TF0306 : East Window, St Martin's church, Stamford

taken 3 years ago, near to Stamford, Lincolnshire, Great Britain

East Window, St Martin's church, Stamford
East Window, St Martin's church, Stamford
This five light window was assembled by Peckitt in the 18th century, and incorporates some original glass from St Martin's and some from Tattershall church. (Here is more...TF2157 : East window, Holy Trinity church, Tattershall.) The original glass dates from the second half of the 15th century. Peckitt inserted the geometrical designs.

The tracery of this window depicts the Annunciation in the centre, with many different Shields including one for Richard Fleming Bishop of Lincoln 1421-31. At the top of the left light is a shield for John Chedworth, Bishop of Lincoln 1452 to 1471, also on the right-hand light for John Russell Bishop of Lincoln 1480 to 1494. At the top of each main light there are four Demi Angels either side of the Royal coat of arms in garter, beneath which there are four mitred Saints (one an Archbishop) surrounding a figure of God enthroned. At the bottom of the left-hand and right-hand light are 16th century Shields including those of Bertie, Irby, Copeldyke and Bilsby.
The bottom row has the arms of Sheffield, St George crowned in a garter, the shield of Cecil, shield of Russell and that of Borough.
A variety of 12 heads have been inserted in panels 1c and 5c.
St Martin's church, Stamford
Grade I listed

The church today dates from the late 15th century, although it replaced an earlier building.
It is thought that the original church was ruined after the sack of the town in 1461. However, other churches were little damaged, so a more likely reason is that it was neglected by the nuns who owned it at the time.
The present church was built in the 1480s.

There is a western tower, clerestoried nave with north and south aisles which clasp the tower, chancel with north and south chapels, and south porch. The church is built in limestone ashlar with lead roofs.

Externally, the nave and chancel have embattled parapets, the windows are late Perpendicular.
The tower is of four stages and has an embattled parapet with pinnacles. A spire was intended but never built. The tower is very similar to that of Saint John's church nearby.

The south porch has two storeys, the upper one is now a Chapel, accessible by a narrow spiral stairway.

It is probable that the plan of the nave follows that of the earlier building, as the aisles are fairly narrow.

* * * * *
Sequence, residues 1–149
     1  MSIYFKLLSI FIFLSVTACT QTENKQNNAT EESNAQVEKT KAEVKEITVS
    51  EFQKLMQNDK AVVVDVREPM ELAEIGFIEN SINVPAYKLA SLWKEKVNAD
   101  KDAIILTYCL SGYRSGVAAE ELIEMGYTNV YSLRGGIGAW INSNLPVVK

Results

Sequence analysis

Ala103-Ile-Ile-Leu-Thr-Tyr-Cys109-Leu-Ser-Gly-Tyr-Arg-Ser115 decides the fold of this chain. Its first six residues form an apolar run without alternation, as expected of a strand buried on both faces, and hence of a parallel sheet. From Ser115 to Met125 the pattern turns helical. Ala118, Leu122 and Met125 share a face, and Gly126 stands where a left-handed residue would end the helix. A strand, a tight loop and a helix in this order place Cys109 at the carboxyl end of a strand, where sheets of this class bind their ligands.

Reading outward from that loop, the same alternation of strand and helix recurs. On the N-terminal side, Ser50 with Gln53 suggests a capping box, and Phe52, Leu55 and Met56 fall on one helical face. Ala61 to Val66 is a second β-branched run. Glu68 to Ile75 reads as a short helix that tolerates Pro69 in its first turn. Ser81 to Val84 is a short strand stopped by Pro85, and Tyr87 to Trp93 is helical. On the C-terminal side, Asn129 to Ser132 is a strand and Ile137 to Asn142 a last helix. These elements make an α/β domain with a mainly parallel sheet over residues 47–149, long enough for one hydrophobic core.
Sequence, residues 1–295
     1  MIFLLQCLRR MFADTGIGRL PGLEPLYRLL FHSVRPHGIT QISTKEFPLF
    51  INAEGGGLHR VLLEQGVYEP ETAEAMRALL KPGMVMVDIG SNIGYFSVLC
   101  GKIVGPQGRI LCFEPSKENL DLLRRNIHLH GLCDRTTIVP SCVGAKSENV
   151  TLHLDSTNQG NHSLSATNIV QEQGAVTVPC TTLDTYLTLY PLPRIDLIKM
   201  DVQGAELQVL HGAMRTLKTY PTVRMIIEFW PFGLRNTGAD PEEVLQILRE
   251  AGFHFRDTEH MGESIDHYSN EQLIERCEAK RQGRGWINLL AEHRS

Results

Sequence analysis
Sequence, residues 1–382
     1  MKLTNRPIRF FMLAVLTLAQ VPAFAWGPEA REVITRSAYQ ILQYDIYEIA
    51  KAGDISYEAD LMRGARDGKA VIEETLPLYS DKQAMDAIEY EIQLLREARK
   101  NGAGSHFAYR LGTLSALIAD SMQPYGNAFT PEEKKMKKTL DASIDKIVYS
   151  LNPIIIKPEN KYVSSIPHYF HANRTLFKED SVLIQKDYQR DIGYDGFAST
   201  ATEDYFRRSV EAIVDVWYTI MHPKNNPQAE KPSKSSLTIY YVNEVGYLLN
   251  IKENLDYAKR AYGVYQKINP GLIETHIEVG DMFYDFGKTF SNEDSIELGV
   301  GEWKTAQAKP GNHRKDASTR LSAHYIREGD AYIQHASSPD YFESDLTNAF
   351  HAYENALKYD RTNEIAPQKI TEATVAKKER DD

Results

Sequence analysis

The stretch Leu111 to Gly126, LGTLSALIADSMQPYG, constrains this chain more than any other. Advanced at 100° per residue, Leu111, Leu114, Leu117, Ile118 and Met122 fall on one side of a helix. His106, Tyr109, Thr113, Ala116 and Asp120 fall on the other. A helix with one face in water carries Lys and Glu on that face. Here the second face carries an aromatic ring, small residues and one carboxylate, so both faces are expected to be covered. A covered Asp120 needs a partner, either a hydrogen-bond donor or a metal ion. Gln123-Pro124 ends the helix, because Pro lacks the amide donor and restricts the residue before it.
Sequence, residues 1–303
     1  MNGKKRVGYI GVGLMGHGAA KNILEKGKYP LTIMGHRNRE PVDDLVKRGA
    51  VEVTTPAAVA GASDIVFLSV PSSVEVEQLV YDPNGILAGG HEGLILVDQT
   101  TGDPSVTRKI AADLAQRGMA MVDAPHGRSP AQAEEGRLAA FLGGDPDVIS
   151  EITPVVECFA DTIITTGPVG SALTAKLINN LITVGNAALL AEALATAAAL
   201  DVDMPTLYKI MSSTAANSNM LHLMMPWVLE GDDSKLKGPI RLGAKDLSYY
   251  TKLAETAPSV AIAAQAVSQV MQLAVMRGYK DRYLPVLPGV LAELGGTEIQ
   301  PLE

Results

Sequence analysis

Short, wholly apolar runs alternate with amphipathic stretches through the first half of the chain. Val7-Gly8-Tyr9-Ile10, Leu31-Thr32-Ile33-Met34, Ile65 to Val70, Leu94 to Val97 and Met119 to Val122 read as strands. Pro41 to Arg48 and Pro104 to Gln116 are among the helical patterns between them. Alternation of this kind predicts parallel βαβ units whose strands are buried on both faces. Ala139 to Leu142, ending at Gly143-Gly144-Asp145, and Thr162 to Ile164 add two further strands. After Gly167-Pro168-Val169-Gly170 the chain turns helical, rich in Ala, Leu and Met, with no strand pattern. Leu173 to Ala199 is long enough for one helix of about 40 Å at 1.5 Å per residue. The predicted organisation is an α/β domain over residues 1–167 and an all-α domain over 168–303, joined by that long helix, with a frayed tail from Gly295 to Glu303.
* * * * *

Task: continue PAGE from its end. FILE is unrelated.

They have arcades of four bays with slim piers and angel corbels holding shields with the Arms of 15th century Bishops of Lincoln. The north aisle at its eastern end terminates at a 19th century arch which was built when the Burghley Chapel was extended.
There was a western Gallery in the nave until the late 19th century.
The font is octagonal with a window tracery design, from the early 14th century, and is probably from the earlier church.

The chancel was altered with the installation of the tomb of William Cecil in 1598. The north chapel was extended to accommodate his monument.
The chancel arch has remains of entrances to a Rood screen which was probably removed in the late 16th century.
In 1865 the Burghley Chapel was extended on its north side and a further arch was inserted at the eastern end of the north aisle which blocked the entrance to the Rood loft stairway.
The south Chapel is occupied by the organ, but originally housed the Guild of St Martin.

The church has three large monuments, the largest is that to William Cecil, Lord Burghley (1520-1598), once described as "one of the finest examples of its kind in existence", probably by Cornelius Cure. William's parent's monument is located nearby. There is also a large monument to John Cecil, fifth Earl of Exeter and his wife, of white marble with semi-reclining and standing figures either side.
There are numerous other wall tablets throughout the church.

The church was refurbished in 1844 by Edward Browning, and has low box pews in the nave. There are further box pews and choir stalls in the chancel which also has geometric patterned tiles.

There are five windows containing reset mediaeval glass including much from Tattershall church. The windows were assembled by Peckitt of York in 1759/60, with several incorporating rather garish patterned glass. The east window is of five lights with reset glass from the second half of the 15th century and Shields from the 16th century.

The organ is a two manual by Bevington from circa 1889.
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TF0306, 398 images   (more nearby )
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Date Taken
Tuesday, 1 November, 2016   (more nearby)
Thursday, 3 November, 2016
Geographical Context
Religious sites 
Church (from Tags)
St Martins 
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Subject Location
OSGB36: geotagged! TF 0312 0678 [10m precision]
WGS84: 52:38.9377N 0:28.6316W
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Stained Glass Window  East Window  Medieval Stained Glass (Reset)  Peckitt 

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